Dr. R was never part of the plan.
I am eighteen years old, but only just. I have, as they say, my whole life ahead of me. It’s going to be a successful life; I have been designated a high-achiever. (Soon, mysteriously, this will morph into ‘over-achiever’; they’re only with you so long as you’re winning.) I have a very clear image of what I am, and what my life should be. But at some point over the past few months, we appear to have gone dangerously off-piste.
Dr. R, it dawns on me over the next few sessions, wants to challenge my view of myself. He thinks it’s too rigid. He thinks it’s dangerous. I’m pleased when I’ve worked out his strategy, because now I can be on my guard. For my part, I decide that he doesn’t understand that I am special and brilliant, and also that he wants to take away all the things that make me special and brilliant.
At this stage, I really dislike him.
I tell him in our second session that I’m afraid I won’t get the grades I need in my A-Levels because I can’t work anymore. Can’t open a book without panicking.
He says, infuriatingly measured, ‘What will happen if you don’t get your grades?’
‘I’ll lose my place at Oxford.’
‘What would happen then?’
I look at him uncomprehendingly. We appear to be playing some kind of strange, two-person narrative game in which we chart my miserable progress through life.
I decide not to get involved.
He says, ‘Well, would the world end?’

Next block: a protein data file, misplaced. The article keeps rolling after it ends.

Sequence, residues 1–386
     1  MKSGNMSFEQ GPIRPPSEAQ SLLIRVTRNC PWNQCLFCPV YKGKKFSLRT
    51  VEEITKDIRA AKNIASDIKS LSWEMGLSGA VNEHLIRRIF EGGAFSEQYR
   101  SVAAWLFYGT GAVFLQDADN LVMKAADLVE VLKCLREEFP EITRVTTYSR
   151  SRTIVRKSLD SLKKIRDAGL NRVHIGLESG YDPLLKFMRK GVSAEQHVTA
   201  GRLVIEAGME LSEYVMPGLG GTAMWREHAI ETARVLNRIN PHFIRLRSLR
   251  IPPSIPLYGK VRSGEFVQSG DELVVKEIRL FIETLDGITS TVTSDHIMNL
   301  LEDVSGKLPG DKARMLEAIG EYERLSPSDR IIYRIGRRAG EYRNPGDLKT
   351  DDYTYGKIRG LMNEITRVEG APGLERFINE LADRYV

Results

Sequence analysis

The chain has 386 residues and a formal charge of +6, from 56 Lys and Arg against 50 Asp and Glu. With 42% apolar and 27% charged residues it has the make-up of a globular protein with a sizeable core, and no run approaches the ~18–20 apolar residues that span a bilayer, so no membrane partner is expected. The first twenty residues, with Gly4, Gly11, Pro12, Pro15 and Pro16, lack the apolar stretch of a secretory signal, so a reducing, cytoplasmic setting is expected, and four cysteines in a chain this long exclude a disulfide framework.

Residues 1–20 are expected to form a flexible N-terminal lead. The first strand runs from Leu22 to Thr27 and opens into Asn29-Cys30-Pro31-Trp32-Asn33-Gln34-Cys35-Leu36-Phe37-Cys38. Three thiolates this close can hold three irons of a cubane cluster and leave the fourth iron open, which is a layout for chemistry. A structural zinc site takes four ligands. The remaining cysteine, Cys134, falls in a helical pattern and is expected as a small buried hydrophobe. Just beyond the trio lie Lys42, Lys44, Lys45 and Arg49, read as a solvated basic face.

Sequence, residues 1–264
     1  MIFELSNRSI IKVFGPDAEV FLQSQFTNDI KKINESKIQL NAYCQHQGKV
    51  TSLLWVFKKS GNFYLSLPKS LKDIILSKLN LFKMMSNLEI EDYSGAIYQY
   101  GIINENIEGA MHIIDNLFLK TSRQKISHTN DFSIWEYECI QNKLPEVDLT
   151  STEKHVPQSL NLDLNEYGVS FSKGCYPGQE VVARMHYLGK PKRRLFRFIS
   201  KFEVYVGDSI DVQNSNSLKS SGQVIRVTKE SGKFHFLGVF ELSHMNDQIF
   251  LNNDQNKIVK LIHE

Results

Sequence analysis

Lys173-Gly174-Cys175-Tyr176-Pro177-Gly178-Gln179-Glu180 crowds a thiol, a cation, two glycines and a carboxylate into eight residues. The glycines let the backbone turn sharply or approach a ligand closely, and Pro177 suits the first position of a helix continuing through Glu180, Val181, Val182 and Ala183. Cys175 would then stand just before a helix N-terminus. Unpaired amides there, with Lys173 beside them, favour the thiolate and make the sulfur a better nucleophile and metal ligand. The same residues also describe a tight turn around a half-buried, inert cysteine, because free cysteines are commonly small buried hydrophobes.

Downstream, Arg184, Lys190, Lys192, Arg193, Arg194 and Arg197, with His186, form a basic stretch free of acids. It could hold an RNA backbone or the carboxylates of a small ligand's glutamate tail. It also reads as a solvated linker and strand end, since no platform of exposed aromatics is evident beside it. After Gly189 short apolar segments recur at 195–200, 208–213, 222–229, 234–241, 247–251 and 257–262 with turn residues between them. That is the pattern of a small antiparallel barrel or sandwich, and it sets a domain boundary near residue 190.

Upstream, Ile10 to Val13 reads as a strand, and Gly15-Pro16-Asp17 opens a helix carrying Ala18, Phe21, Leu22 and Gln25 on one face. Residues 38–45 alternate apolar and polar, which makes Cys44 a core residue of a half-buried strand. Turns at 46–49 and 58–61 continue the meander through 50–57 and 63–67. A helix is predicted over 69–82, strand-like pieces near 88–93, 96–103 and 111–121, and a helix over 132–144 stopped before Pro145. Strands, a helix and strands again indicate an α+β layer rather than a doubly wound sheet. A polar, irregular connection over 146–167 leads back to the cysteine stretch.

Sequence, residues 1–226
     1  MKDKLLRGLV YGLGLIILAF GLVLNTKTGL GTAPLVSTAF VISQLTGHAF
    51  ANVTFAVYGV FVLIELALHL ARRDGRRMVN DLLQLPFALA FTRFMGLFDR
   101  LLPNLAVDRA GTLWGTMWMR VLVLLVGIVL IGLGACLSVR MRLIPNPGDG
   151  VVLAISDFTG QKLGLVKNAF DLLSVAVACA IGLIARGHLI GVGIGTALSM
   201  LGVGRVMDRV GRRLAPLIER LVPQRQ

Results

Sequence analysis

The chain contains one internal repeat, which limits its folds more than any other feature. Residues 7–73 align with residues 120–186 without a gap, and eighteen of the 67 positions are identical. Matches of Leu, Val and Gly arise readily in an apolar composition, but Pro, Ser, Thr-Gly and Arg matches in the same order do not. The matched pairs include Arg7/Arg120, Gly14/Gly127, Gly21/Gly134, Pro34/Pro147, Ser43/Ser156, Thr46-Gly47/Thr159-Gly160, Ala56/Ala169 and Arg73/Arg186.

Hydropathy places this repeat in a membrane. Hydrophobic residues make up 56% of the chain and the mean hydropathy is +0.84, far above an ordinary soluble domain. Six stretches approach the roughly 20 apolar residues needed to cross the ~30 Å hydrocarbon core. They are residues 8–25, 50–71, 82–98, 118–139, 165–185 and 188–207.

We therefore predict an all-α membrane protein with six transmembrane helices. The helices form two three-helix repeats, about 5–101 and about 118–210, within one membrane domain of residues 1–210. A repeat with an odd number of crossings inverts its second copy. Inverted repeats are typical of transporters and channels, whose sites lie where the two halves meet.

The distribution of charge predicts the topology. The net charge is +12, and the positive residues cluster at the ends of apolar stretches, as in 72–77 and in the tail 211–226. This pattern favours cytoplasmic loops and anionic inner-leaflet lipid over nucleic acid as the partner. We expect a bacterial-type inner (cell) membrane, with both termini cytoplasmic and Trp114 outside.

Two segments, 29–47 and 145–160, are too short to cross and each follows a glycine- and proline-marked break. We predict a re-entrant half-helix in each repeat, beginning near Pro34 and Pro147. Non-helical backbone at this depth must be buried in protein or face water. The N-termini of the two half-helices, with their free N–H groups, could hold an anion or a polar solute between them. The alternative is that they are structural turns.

I turn my head away.
Most of the time I can’t think straight. Can’t eat properly either. Difficult to eat when you’re terrified – you bring it all up again – and difficult to stop being terrified when you can’t identify the threat. Dr. R is supposed to save me, and he is failing.
‘Don’t like him,’ I tell my mother afterwards. ‘No sense of humour. Thinks I had a bad childhood.’
She looks upset.
‘No, no,’ I reassure her. ‘It was a great childhood.’
After a bit, I confide in my best friend about Dr. R. She mishears his name as something obscene, and persists in referring to him by this title. She doesn’t make any jokes about me being crazy, though usually nothing is off-limits. This makes me think she is worried.
It’s probably fair to say that I don’t, at this stage, have a very good understanding of ‘talking cures’. Dr. R and I limp on with our sessions, he as patient and reasonable as ever, unfazed by my erratic, stricken responses. I sit in the tiny waiting room before each session tapping my foot, wondering if, miraculously, this time I will come out cured. Disappointed afresh each week.
Maybe it works on you secretly, the questions and the neutral silences and the annoying refusal just to tell you how to get better. I put my head down and try to weather the storm. And at some point during this awful year, I am taken apart and remade. I’m not sure what role Dr. R plays. Possibly a seed has been planted.
The day of our last session, I walk down the steps of his house alongside my mother. The sun is shining, but I know it isn’t over, and I know I’m not saved. Nevertheless, I have a sense of ceremony. This is progress, of sorts. I follow my mother to the car and I think, ‘So: I will take up my bed and walk.’
 His name didn’t begin with R. Could have just given him a whole fake name, but they always seem to use initials in case studies. Looks professional.
 It seems only fair to acknowledge that he may have been a riot once he got away from his patients.
 It’s possible the resentment was exclusively on my side.
 I often thought in Biblical references back then. I’m not saying it was normal.
Rebecca Wait's debut novel, The View on the Way Down, is out now in paperback.